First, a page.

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Franz Mark Johansen
(Huntsville, Utah, 1928 - 2018, Provo, Utah)
The "Veil Series" (one of a group of seven paintings) by Franz Mark Johansen, depicts that which is most important to Johansen's work, spiritual relationships. In mostly monochromatic tones with gold and silver accents, the artist portrays the religious idea of the veil that hangs between our present mortality and the afterlife to come. With a single figure on each side of the veil, he presents the notion that those who have already passed to the other side are there to help those who are still in mortality, somewhat like guardian angels. "Veil Series" exemplifies most of Johansen's work in that it is deeply spiritual and is rooted in LDS theology.
Born May 10, 1928, in Ogden, Utah, Franz Johansen had a late introduction to art. Although his mother encouraged his artistic pursuits and Franz participated artistically in the production of his high school's yearbook, it was not until he served a mission for the LDS church that his interest in the arts grew. Being a "Utah farm boy," Franz naturally was impressed by the culture and museums of London, England. He also was impressed by the nature of the art he saw, which was mainly religious, whether medieval or Victorian. The young missionary was moved by a story about the English Romantic poet William Blake, who in his early boyhood, believed he saw the face of God at his window and throughout his life strived to express his deep religious convictions. Likewise, Franz Johansen was inspired to express his religious beliefs through visual art. Johansen passed away in Provo, Utah on August 23, 2018.
Upon his return from London, Johansen acted upon that desire and began his formal education in art. He received his Bachelor of Arts and Master of Arts from Brigham Young University, studying under Glenn H. Turner, J. Roman Andrus, and B. F. Larsen. In addition, he studied at the California School of Arts and Crafts, the Illinois Institute of Design, and the Acadamie de la Grande Chaumiere in Paris. As a skin diver, Franz was interested in underwater and microscopic life forms about which he studied at the Marine Biology Institute at the University of Miami, and this interest is evident in his early works. He believes "Art is the gateway into the realm of creativity,making the new entity,something that has never been done."
In 1950, Johansen married Ruth Aldous, his childhood sweetheart. They have a family of 7 children and 26 grandchildren to date. One son, Nathan, is following in his father's footsteps and he also is now a successful sculptor.
Franz Johansen is best known for his figurative relief sculptures in both stone and bronze. Although he grew up in the West, he does not consider himself to be a western artist. Instead, his figures and subject matter reflect his European training. His art is at the same time both representational and symbolic. His subject matter often reflects his interest in the resurrection, such as his work "Resurrection Series". He started with a group of 7-8 paintings, and then produced a group of 11 sculptures, all exploring various facets of the resurrection. The piece included here was the last in the series. Dr. Vern Swanson, Director of the Springville Museum of Art, points out that unlike most portrayals of the resurrection, which are triumphantly raising and lifting upward, Johansen's sculpture depicts the resurrection at the moment of inception, as a half-drooped figure with the burial wraps just beginning to fall. Every part of the piece,the head, the arm, and the draped cloth are all suspended in graceful curves, the figure is just awakening from slumber.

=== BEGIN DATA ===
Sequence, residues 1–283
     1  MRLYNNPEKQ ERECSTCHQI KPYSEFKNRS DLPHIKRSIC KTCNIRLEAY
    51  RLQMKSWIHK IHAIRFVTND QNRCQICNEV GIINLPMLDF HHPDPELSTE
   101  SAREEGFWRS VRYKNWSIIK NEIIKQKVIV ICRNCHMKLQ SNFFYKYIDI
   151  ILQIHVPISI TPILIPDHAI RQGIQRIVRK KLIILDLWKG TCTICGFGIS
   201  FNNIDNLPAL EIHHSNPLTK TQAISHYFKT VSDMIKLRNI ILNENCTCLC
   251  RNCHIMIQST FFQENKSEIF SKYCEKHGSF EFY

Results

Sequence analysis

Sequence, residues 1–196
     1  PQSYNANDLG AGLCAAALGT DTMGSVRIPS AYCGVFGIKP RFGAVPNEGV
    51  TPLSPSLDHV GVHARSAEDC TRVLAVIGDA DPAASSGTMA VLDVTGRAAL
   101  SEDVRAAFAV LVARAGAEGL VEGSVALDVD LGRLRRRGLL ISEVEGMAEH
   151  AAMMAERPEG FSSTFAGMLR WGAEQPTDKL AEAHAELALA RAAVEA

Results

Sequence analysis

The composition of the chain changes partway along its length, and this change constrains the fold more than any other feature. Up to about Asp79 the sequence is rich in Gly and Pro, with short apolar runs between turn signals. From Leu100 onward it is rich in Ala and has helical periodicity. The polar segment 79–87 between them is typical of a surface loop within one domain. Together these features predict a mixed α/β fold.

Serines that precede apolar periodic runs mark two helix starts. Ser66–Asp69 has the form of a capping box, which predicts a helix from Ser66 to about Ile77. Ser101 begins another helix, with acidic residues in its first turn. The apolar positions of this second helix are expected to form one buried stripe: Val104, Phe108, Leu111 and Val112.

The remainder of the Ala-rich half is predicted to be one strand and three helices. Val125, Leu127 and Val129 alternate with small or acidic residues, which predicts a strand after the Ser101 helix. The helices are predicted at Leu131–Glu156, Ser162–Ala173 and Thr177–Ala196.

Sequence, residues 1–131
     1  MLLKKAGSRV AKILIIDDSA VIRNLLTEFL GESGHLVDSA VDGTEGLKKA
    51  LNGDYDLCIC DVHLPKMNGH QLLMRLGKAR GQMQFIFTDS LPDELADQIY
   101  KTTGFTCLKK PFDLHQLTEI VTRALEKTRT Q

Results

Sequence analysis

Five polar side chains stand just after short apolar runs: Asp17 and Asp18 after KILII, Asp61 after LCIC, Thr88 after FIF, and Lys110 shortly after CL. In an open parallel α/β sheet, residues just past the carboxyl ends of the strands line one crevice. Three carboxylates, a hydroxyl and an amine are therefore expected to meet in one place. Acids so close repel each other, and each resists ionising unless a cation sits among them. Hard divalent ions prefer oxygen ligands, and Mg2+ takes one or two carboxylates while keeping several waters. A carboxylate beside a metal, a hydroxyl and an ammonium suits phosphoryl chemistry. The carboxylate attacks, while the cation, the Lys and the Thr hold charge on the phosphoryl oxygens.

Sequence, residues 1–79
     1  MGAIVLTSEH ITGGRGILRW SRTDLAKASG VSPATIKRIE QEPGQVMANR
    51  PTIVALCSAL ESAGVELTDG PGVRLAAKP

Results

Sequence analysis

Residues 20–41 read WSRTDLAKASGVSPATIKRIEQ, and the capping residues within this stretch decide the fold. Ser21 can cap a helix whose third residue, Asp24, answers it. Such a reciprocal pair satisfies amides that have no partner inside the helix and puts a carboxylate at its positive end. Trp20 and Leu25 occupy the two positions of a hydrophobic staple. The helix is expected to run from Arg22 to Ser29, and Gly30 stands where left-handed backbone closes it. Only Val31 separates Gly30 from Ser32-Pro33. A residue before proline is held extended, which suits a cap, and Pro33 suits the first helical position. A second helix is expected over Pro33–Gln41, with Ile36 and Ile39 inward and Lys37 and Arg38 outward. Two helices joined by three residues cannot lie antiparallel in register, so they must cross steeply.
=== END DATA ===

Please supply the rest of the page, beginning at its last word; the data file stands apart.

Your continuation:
Johansen has two more pieces planned for the series, one of a figure reaching down to a curled up figure below and the final piece, a resurrected man leaning down to pull a woman up to him.
Some of Franz Johansen's more well-known works include the bas relief stone panels on the Harold B. Lee Library and the bronze relief on the Joseph Smith building at Brigham Young University, the stone relief on the LDS Church Museum of History and Art in Salt Lake City, and a relief on the John Wesley Powell Museum in Green River, Utah.
Because of the religious content of his art, Johansen was a natural choice for the commission for the doors of the LDS temples in Seattle and Washington D.C. He believes the symbolism presented in the reliefs correlates with the LDS symbolism within temples. The doors are covered with circular stylized designs containing traditional LDS symbols such as suns, moons and stars.
The artist taught in the BYU Art Department from 1956 until his retirement in 1989. Franz Johansen lives in Provo, Utah, and often works alongside his son, Nathan, on bronze sculptures. He presently is involved in the painstaking finish work on the casts for a large piece for Winter Quarters, Nebraska. As part of the Sesquicentennial celebration of 1997, the LDS church commissioned Johansen to create an appropriate sculpture for Winter Quarters, the place many of the early pioneers left to make the thousand-mile trek to Utah. The work consists of four adults, two children, a baby, the handcart, and a base showing the tracks left by previous handcarts. This ambitious piece will be placed in front of the new visitors' center.
In addition to the handcart pioneer piece, Johansen also is working on a family pioneer group to be placed in Huntsville, Utah, where Johansen's ancestors settled. Franz says he has been so busy with sculpture projects these last two years he hasn't even had time to finish a painting he started in Navoo, Illinois. He does, however, plan to continue painting as well as sculpting. He was trained in both areas, loves them both, and appreciates the balance working in the two differing media gives him. In addition, Johansen is enjoying the extra time to produce art his early retirement from BYU is giving him.